Because there was a similar pattern of performance on the antisaccade task and smooth pursuit measures between the different subject groups (FTD and AD impaired relative to controls and SD), we asked whether deficits in the performance of both tasks might be related in individual subjects. We found a strong correlation between the percentage of correct antisaccade responses and multiple horizontal smooth pursuit variables when all subjects were analyzed together (Table 4). We did not identify a correlation between antisaccade performance and vertical pursuit in either direction.
Relationship between antisaccade performance and cognitive measures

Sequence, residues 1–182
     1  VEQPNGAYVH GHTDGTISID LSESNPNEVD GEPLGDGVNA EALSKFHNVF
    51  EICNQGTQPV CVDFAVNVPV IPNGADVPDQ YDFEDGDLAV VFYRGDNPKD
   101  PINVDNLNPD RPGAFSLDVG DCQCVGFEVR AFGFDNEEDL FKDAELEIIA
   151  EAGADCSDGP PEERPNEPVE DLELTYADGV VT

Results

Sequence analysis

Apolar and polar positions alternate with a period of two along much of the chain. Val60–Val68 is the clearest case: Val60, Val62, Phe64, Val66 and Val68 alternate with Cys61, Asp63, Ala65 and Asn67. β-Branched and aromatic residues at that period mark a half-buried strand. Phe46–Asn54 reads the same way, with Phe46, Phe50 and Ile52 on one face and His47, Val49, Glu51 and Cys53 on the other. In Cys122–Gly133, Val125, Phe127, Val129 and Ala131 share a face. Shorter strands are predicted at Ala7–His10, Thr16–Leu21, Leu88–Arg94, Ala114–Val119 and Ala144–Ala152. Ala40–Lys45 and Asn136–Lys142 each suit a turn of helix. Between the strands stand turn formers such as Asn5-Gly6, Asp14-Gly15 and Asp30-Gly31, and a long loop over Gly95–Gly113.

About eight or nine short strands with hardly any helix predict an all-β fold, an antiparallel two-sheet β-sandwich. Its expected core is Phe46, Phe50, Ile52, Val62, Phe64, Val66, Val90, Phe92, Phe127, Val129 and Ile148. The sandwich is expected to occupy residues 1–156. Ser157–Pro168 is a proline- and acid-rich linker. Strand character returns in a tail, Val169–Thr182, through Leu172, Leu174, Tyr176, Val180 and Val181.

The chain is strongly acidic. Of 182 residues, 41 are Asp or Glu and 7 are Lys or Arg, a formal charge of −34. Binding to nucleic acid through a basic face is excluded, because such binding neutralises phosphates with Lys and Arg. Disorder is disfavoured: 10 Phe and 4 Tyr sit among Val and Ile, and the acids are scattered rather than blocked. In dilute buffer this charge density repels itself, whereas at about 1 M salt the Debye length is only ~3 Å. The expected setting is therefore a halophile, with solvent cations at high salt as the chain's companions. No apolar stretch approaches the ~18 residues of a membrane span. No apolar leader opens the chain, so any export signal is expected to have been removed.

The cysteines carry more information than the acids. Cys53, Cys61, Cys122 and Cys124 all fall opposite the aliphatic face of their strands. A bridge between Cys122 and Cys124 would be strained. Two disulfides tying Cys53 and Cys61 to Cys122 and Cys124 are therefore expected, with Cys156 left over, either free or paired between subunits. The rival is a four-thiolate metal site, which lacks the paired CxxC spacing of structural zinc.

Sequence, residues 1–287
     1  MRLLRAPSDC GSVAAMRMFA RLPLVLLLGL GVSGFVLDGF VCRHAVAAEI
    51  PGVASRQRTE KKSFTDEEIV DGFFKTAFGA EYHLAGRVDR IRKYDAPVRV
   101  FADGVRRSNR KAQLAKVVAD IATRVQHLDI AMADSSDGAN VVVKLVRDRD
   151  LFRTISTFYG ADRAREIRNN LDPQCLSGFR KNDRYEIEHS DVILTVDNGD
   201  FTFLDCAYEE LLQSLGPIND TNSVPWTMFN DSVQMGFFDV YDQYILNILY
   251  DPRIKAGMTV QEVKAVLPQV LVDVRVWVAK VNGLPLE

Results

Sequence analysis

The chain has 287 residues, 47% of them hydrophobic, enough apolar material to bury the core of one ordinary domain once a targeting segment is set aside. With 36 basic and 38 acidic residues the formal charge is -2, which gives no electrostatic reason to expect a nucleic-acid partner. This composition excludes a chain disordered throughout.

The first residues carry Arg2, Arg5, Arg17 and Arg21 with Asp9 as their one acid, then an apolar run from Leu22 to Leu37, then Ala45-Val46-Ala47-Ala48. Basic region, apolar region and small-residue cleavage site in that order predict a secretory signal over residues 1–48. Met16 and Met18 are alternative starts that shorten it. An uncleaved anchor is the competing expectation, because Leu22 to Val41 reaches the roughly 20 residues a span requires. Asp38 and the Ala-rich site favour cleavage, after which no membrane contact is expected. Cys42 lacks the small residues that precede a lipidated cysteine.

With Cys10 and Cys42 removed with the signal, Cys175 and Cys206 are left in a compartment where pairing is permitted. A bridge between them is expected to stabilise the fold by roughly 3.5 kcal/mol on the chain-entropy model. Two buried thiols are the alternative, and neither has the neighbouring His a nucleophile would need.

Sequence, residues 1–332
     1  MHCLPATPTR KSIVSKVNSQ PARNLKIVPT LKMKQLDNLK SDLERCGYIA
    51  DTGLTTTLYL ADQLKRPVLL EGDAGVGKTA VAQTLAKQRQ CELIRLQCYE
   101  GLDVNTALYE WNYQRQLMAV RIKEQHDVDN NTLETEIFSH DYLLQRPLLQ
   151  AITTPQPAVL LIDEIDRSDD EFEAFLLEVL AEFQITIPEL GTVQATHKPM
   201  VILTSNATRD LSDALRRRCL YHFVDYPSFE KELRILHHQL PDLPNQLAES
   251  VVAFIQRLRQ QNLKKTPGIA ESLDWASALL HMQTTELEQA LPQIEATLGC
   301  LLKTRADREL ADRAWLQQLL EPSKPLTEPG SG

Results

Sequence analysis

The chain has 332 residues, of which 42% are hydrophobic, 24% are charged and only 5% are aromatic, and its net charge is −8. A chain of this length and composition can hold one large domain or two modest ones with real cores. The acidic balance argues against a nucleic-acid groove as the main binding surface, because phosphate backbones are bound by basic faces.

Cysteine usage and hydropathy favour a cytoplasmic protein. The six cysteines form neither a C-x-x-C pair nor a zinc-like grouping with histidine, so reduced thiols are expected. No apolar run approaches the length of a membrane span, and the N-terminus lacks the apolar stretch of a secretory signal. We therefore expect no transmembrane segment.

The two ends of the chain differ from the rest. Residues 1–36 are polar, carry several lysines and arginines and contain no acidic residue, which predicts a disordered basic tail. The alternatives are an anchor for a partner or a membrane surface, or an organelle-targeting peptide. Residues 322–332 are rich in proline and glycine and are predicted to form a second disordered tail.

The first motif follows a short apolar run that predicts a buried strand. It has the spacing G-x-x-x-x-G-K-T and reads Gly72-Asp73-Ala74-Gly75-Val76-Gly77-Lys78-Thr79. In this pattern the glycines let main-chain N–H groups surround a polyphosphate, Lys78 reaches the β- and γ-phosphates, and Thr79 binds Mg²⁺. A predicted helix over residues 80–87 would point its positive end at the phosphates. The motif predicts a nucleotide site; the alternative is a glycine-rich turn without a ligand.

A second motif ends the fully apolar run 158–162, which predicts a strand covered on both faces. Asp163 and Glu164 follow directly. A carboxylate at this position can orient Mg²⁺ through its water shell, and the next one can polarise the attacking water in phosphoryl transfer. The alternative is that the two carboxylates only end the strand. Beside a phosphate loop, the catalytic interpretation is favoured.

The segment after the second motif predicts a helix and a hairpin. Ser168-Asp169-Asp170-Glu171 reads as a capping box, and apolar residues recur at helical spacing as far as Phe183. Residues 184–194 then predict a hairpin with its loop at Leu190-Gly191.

Studies of antisaccade performance in AD have identified strong relationships with measures of cognitive function (Shafiq-Antonacci et al., 2003; Crawford et al., 2005). We found that antisaccade performance (percentage of correct responses and percentage of correct responses plus corrected errors) was correlated with cognitive measures but not functional measures of dementia severity in both patient groups. Performance was most strongly related to neuropsychological tests of frontal lobe/executive functions in both FTLD and AD subjects (Table 5). In both groups, a measure of set-shifting ability, the modified trails task (correct responses), the number of inhibition errors on the Stroop task, and the ability to perform five simple calculations, were correlated with performance on the antisaccade task (both directions averaged, corrected for multiple comparisons using false discovery rate). The number of sequencing errors on the trails task was strongly correlated with antisaccade performance in the FTLD group but not the AD group, whereas the time required to complete the trails task was correlated with antisaccade performance in the AD group but not the FTLD group. A general measure of cognitive function, the MMSE score, measures of immediate verbal episodic memory, and verbal fluency (number of D words and animals generated per minute) were correlated with antisaccade function in the AD group only. Including corrected antisaccade responses plus initially correct responses in the analysis led to stronger correlations between antisaccade function and tasks with a strong visual component: in FTLD, the number of designs generated per minute and Stroop errors, and in AD, the ability to copy a complex figure were better correlated with this measure.